Simon Says (Movie Review)
Will the day ever come when genre-related filmmakers grow weary of making films which feature a gaggle of generic teenagers being stalked through a nondescript forest by a deranged killer with a penchant for unchecked brutality? I seriously doubt it. The only thing any of us can hope for is that this tired, well-worn formula is approached by someone with the ability to put a fresh, creative spin on things in order to make us forget we're watching the exact same movie we tackled the week before. Except, of course, with different actors, a different villain, and, perhaps, a different collection of trees and shrubbery, though the change in foliage is completely optional.
Looking to throw his hat into the proverbial ring is “Harry and the Hendersons” director William Dear, a man one generally doesn't associate with blood, guts, and hillbilly mayhem. In addition to helming the aforementioned family-friendly sasquatch picture, Dear is responsible for penning Joe Johnston’s “The Rocketeer,” as well as directing both “Angels in the Outfield” and the obscure 1991 secret agent yarn “If Looks Could Kill.” And while all of these films are fine and dandy in their own right, the idea of Dear spearheading a grisly, grue-soaked horror picture seems quite odd. Maybe that’s just me.
I know, I know -- I shouldn't pigeonhole anyone, especially someone with a filmography as diverse as Dear's, but it's easy to see why people might have their reservations about his latest endeavor, the 2006 survival horror flick “Simon Says,” which finally arrives on DVD this month courtesy of Lionsgate. After all, can a man who, for the most part, specializes in harmless kid-oriented fare craft a motion picture that has the capacity to frighten jaded horror devotees and a generation of savvy, desensitized teenagers?
The answer is complicated. Dear’s film is painfully unoriginal, cut from the same cinematic cloth as every backwoods horror flick ever produced since the beginning of mankind. It contains scenes and situations and characters we’ve seen a thousand times before, in particular the quintessential creepy gas station sequence, an increasingly frequent cliché that is starting to gyrate rudely upon my last nerve. To Dear’s credit, I watch an ungodly amount of movies, almost to the point of cranial overload. Casual film fans probably won’t notice the similarities, so this isn’t so much an issue as it is an annoying pet peeve.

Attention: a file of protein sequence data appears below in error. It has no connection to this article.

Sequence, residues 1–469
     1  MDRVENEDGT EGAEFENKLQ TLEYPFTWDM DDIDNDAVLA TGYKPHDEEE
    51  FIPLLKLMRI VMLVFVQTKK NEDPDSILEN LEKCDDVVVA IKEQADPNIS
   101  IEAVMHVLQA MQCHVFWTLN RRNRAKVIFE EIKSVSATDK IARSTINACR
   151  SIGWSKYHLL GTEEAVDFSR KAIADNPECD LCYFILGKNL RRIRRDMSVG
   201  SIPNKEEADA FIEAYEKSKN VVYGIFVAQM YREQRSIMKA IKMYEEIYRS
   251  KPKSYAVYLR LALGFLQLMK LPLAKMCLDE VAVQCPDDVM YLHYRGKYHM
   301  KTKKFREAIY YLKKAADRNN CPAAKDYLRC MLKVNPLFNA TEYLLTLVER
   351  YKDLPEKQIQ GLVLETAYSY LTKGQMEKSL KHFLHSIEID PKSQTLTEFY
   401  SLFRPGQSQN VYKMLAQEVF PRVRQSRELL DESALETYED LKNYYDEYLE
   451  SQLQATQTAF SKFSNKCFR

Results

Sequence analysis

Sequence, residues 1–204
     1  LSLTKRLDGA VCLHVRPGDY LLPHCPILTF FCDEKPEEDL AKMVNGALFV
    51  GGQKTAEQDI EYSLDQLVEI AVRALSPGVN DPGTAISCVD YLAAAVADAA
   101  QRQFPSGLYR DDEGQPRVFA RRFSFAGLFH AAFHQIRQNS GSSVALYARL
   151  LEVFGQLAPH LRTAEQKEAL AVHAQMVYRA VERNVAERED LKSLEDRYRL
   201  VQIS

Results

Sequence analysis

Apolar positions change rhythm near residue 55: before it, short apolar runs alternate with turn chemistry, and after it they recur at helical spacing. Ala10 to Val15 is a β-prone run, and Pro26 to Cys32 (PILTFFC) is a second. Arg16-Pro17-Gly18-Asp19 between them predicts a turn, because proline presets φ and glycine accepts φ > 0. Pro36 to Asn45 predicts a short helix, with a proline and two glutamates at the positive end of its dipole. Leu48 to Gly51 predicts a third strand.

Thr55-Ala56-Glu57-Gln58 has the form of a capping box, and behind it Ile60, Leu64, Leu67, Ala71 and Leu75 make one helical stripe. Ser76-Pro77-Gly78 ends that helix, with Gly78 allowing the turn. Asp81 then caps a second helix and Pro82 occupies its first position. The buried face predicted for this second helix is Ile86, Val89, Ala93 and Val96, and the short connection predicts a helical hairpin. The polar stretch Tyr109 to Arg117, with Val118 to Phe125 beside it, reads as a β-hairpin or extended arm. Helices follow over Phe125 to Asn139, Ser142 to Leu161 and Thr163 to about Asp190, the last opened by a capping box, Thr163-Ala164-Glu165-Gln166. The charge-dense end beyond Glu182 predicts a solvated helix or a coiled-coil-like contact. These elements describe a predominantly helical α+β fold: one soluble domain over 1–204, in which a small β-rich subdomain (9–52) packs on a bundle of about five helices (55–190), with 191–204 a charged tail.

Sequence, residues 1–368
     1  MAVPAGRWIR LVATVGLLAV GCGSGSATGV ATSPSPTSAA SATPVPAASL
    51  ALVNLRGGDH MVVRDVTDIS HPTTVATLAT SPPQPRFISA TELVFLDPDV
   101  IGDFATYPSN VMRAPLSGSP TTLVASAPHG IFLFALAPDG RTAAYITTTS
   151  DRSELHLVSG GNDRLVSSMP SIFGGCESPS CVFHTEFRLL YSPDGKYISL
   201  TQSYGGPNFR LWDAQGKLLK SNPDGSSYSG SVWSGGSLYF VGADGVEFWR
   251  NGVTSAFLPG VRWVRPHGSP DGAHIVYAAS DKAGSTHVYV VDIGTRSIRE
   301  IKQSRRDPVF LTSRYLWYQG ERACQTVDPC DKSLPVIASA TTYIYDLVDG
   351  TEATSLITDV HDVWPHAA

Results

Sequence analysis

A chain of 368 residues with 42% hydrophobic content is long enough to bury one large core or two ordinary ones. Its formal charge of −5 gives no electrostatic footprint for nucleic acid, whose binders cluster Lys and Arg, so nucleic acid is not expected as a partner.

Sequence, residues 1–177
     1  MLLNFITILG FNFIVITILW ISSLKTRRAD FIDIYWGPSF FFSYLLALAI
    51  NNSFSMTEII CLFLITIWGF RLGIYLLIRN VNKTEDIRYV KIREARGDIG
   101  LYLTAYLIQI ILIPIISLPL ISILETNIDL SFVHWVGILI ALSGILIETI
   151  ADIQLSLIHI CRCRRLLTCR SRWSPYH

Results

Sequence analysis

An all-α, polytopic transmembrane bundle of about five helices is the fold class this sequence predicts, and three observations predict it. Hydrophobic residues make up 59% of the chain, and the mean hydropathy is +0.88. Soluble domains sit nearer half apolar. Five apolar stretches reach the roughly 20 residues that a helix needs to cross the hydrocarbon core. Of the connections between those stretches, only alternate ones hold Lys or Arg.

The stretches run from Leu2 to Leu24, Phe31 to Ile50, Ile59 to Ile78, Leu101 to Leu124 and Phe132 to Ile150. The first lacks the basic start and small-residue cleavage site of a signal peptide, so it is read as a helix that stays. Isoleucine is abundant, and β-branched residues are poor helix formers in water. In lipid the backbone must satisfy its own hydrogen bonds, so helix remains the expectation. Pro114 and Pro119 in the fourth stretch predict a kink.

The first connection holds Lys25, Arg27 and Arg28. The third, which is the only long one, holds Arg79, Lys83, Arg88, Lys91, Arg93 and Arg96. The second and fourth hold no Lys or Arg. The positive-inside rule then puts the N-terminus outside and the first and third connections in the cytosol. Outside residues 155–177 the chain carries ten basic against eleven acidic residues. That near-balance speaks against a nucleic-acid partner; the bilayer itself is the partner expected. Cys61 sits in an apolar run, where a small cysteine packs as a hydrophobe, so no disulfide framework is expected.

Dear’s ace in the hole, of course, is Crispin Glover, an actor I love to watch regardless of how awful the picture may be. His role in “Simon Says” is certainly no stretch, as Glover has tackled the “unsettling weirdo” character more than a few times in the past. Here he’s suitably uncomfortable and unnerving without going completely spastic and over-the-top, a problem which plagued Jeremy Kasten’s “Wizard of Gore” remake. The second half of the feature is where he really gets a chance to shine, especially once a certain secret is revealed.
Unabashed Glover worship aside, the film is surprisingly solid. Dear’s direction is spot-on, and his sharply-written screenplay keeps the momentum breezy and the buckets of blood flowing. The rest of the cast -- an unholy collection of rising television stars and pretty faces -- aren’t exactly award winners, nor will they ever be. The majority of them do, however, die in a number of inventive ways, so their acting abilities aren’t really that important in the grand scheme of things. What can I say -- sometimes I’m a knobby little hypocrite with a hankering for wanton dismemberment.
Despite my initial apprehension, I'm happy to report that William Dear has delivered a gleefully gory slasher packed with inventive deaths and a totally warped performance from professional creepazoid Crispin Glover. Yes, it’s rooted firmly in familiar territory and, yes, you’ll probably want to personally decapitate the film’s supposed “heroes” roughly fifteen seconds it, but it’s all in good fun. The depth of your enjoyment, I’m afraid, will be calculated by how many times you’ve seen this sort of scenario play out on your television set and your threshold for cinematic regurgitation. It's swill, but at least it's entertaining swill.